Johnson-Cook parameter identification from machining simulations using an inverse method
Document typeConference report
Rights accessOpen Access
The Johnson-Cook model is a material model which has been widely used for simulating the chip formation processes. It is a simple 5 parameter material model which predicts the ﬂow stress at large strains, strain-rates and at high temperatures. These parameters are usually identiﬁed by determining the ﬂow stress curves experimentally, and then using curve ﬁtting techniques to ﬁnd the optimal parameters to describe the material behaviour. However the state-of-the-art experimental methods can only rely on data obtained from strains of up to 50% and strain-rates of the order of 103 per second, whereas in machining processes strains of more than 200% are reached at strain-rates of the order of 106 or more. Therefore, the parameters obtained at much milder conditions have limited applicability when simulating machining. In this paper an inverse method of material parameter identiﬁcation from machining simulations is described. It is shown that by using the observables of a machining process such as the chip shape and cutting forces, the underlying material parameters can be identiﬁed. In order to achieve this, a ﬁnite element model of the machining process is created and simulation is carried out using a known standard parameter set from literature. The objective of the inverse method is to reidentify this set by using the chip shape and cutting forces. An error function is created using the non-overlap area of the chip shapes and the diﬀerence in the cutting forces. The Levenberg-Marquardt algorithm is used to minimise the error function. It has been shown before that multiple sets of Johnson-Cook parameter sets exist which might give rise to indistinguishable chip shapes and cutting forces. In order to identify the parameter set uniquely, simulations are performed at widely varying cutting conditions such as diﬀering rake angles, cutting speeds and non-adiabatic conditions. Thus, material parameters which represent the material behaviour over a wide range can be identiﬁed.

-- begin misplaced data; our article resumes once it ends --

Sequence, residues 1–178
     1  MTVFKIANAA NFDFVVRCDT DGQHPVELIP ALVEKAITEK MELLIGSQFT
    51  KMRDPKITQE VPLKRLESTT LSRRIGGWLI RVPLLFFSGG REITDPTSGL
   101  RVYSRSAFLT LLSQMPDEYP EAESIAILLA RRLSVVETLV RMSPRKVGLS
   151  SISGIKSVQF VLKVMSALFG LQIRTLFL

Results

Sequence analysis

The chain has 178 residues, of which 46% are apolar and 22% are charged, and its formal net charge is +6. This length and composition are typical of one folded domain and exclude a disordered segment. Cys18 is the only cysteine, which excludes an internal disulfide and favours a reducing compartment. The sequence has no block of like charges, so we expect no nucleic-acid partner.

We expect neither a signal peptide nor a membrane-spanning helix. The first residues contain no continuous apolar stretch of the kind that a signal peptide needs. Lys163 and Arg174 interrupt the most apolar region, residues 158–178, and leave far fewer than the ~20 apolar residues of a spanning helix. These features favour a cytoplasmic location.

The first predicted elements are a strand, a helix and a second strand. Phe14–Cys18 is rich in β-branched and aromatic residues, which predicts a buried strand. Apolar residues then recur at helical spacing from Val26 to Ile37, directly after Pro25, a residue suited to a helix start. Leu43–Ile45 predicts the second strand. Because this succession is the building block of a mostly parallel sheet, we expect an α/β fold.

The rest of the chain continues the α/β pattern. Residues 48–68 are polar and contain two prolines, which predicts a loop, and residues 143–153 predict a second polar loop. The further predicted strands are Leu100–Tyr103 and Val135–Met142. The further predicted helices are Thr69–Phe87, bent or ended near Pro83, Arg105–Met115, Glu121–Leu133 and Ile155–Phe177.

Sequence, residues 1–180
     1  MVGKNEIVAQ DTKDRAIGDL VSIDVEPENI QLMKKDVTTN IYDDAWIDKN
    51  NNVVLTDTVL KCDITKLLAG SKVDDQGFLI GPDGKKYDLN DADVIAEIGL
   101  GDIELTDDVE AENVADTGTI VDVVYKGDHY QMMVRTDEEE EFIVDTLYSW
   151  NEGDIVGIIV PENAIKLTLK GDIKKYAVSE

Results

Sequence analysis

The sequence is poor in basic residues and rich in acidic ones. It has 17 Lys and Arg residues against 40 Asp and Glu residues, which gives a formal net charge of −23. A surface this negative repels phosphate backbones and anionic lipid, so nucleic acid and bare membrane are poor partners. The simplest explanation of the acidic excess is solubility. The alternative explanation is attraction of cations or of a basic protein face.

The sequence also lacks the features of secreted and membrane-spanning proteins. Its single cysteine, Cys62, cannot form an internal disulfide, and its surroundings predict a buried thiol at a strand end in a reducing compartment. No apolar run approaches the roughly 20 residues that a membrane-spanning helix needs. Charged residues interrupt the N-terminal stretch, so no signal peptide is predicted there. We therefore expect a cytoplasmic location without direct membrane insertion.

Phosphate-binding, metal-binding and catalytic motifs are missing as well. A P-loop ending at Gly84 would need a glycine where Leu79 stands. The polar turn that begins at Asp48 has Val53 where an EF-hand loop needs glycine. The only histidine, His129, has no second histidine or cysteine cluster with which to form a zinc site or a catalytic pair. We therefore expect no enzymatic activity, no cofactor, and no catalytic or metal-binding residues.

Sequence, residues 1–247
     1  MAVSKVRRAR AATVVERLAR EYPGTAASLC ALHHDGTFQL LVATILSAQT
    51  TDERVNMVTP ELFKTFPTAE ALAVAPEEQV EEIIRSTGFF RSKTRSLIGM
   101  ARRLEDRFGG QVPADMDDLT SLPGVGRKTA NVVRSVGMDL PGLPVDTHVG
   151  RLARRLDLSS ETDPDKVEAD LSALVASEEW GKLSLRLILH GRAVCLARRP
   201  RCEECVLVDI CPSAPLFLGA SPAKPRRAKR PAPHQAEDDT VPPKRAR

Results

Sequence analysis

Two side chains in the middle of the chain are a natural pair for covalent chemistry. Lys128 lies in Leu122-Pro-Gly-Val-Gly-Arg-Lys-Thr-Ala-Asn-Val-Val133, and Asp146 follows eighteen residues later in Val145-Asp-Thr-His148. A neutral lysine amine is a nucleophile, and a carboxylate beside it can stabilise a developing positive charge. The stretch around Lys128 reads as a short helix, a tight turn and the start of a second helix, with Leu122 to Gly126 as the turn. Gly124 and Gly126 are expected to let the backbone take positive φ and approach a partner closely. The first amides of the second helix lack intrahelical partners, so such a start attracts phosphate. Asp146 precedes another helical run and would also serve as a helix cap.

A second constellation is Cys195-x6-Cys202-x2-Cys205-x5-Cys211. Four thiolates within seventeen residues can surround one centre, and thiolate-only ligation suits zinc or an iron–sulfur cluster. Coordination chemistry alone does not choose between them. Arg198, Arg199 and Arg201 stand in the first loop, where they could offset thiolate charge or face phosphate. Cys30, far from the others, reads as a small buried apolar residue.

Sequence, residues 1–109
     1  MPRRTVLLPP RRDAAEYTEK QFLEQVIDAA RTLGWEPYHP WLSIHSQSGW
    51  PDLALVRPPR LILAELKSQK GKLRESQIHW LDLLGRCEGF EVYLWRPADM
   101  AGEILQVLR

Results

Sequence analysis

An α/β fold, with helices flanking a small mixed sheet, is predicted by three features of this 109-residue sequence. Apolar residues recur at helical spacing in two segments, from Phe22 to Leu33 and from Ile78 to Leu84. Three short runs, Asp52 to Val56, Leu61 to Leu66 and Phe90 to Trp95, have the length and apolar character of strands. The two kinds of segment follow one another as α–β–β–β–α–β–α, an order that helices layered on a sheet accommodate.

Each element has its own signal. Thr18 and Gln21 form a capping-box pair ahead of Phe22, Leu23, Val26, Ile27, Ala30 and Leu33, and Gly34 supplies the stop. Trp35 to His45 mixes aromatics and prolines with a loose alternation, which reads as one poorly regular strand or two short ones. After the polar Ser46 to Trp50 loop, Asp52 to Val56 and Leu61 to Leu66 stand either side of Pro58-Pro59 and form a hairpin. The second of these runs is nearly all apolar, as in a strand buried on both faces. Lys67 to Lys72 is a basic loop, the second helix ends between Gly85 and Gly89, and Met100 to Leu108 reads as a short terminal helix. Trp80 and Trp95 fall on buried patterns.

CitationShrot, A.; Bäker, M. Johnson-Cook parameter identification from machining simulations using an inverse method. A: COMPLAS XI. "COMPLAS XI : proceedings of the XI International Conference on Computational Plasticity : fundamentals and applications". CIMNE, 2011, p. 887-898.
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